Ripley Johnson and his bearded friends in Wooden Shjips have made a name for themselves as master purveyors of psychedelic stoner rock. A mix of heavy drone, motorik beats, and a healthy dose of 60s garage rock blues these Bay area fuzz Gods have been putting out stellar albums for years now. Back To Land is a continuation of the upwards trend they’ve created since their last great long player, West.
The formula remains on this new album. Find a groove and lock into it. Allow Mr. Johnson to lay down some tasty riffage and float along as if carried by some THC-flavored cloud. These guys aren’t changing much in the sound, but they’ve honed in on their strengths and have created a dense, bluesy, druggy sound that you can’t penetrate. “Back To Land” starts out all fun and good times, but quickly gives into that hazy darkness on “Ruins”, which is like cross between The Doors and NEU! “Ghouls” has a hard driving beat and trippy echoed vocals with a Farfisa organ in the background. It’s hard to pinpoint or explain a band like Wooden Shjips. Anything I say will not do this band justice. It’s like explaining a rainbow to someone who’s never had sight. It needs to be experienced. But explain I must, for that is my job here.
With every crazy, fuzzed-out rocker there’s always a lighter poppier song just lingering around the corner. “These Shadows” is one of those songs. It sounds like something Neil Young might’ve written with Buffalo Springfield. It’s got that underlying organ with strummed acoustic accompanied by some low end fuzz for good measure. It’s a great song that would sound good plugged or unplugged. “In The Roses” is a motorik/boogie hybrid that will make you put the pedal to the metal(if you’re driving, that is.)The album closes on another lighter song, albeit melancholy in comparison to the Shjips tried and true sound. “Everybody Knows” is a minor key song with a feel of tragedy to it, and a longing in Johnson’s voice not heard on any previously released albums. It’s a decidedly different note to end the album on, but not a disappointing one in any shape or form.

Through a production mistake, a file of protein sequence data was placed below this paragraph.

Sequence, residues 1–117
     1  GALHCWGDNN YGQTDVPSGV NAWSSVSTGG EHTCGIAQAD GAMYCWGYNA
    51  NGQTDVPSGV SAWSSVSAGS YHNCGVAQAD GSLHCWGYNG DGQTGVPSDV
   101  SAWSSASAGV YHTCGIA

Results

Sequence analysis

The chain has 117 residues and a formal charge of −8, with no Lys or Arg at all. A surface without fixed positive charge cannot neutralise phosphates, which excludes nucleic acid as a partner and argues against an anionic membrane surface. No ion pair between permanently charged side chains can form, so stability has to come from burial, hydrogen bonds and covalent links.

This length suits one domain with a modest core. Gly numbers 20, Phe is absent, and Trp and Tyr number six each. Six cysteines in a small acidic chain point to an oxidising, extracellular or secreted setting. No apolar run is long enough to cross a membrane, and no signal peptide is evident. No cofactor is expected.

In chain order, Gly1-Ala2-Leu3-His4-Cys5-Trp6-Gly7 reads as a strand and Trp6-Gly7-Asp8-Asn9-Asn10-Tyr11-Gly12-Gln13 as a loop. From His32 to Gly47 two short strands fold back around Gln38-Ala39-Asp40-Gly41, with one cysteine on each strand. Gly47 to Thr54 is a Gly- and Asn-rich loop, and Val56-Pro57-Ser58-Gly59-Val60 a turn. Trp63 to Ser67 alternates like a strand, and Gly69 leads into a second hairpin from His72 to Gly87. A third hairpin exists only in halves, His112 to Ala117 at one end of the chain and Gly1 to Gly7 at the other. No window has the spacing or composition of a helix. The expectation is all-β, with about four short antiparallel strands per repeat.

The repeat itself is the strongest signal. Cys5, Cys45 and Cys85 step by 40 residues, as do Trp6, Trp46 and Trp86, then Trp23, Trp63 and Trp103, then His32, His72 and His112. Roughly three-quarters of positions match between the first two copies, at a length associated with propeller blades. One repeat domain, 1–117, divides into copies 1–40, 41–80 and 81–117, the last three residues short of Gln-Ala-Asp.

As far as krautrockin’, boogie woogie, psych rock goes Back To Land is top tier. Johnson and company don’t disappoint. And like most great albums, this is a grower. Put on the headphones, drop the needle, spin, repeat.
7.6 out of 10